Dangerous Liaisons

by: Pierre Ambroise Laclos

Part Three, Exchange Nine: Letters 88–99

Summary Part Three, Exchange Nine: Letters 88–99

In Letter Ninety-nine, Valmont informs the Marquise that he seems to be making progress with the Présidente de Tourvel, even if little Cécile has begun to lock her door from the inside at night.

Analysis

Valmont's composition of the correspondence among himself, Cécile Volanges, and the Chevalier Danceny is extremely skilled. He places a particular vagueness in exactly the right place in his Letter Eighty-nine to Danceny. He does not specify how Cécile has passed up an opportunity to make contact with Danceny, just that she has passed up some opportunity. Naturally, Danceny must go to Cécile for greater specifics, and the Chevalier's suggestion that she may have grown somewhat relaxed in her ardor catapults her into action. Valmont gets exactly what he wants, namely the key to her room. The result is almost melodramatic: Valmont's "possession of the key to Cécile's room" is symbolically, and literally, equivalent to Valmont's "possession of Cécile."

As the supposed facilitator of Danceny and Cécile's communication, Valmont is obscuring their intentions toward one another—he even uses their intentions to accomplish what he wants. Since he recognizes that Cécile and Danceny only wish to express their affection for one another, he has only to a invent a situation in which Cécile's affection for Danceny will leave her open to his own advances. Valmont claims to play the part of a helper, but he intends to hinder as profoundly as he can.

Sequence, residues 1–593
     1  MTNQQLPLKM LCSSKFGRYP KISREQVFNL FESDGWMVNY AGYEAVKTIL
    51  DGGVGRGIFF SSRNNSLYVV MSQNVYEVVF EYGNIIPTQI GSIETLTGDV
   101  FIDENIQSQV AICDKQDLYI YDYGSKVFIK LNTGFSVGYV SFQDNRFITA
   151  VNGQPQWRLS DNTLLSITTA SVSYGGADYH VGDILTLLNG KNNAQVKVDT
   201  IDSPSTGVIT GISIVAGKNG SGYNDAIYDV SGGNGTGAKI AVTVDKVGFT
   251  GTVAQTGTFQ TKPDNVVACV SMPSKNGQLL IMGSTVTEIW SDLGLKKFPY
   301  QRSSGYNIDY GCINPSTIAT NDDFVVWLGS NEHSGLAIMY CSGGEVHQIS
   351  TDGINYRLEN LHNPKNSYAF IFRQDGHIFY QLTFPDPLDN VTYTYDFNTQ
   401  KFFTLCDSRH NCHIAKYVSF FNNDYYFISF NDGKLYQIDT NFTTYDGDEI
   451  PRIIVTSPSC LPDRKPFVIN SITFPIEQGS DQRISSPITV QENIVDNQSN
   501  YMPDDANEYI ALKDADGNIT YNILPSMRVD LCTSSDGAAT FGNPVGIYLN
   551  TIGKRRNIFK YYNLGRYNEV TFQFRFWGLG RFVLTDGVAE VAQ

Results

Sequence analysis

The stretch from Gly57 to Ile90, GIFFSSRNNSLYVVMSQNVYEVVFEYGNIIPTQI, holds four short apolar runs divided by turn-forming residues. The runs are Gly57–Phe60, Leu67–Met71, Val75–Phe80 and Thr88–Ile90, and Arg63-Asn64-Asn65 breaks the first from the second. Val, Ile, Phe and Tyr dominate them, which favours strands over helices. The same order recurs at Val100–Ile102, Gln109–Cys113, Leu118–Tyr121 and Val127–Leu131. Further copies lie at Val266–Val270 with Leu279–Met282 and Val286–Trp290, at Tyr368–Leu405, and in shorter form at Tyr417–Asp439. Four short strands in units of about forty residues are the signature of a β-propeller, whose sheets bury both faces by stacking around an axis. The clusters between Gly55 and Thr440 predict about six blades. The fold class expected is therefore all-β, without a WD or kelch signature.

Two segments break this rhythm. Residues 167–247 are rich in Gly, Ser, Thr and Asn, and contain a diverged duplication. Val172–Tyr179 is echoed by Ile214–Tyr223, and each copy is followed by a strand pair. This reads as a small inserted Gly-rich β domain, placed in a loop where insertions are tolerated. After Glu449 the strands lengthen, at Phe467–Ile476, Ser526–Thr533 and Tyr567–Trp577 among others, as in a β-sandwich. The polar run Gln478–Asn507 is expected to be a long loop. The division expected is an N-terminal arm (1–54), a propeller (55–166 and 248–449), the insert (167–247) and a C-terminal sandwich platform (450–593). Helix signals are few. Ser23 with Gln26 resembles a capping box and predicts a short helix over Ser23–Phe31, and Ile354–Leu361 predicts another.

Valmont is obsessed with acquiring power, but only the kind of power that can be acquired in social situations. He studies people's emotions intensely, often to the exclusion of caring about the human being as a whole. It is not all that strange that he should think of his own emotions as agents in their own right, as people. For example, Valmont writes in Letter Ninety-six, about the sensation of making love to Cécile. To better study the sex-act, Valmont imagines it in the form of various actors or agents. He personifies his emotions, as if they were soldiers. Just as the game through which power is acquired is often described in terms of the theater.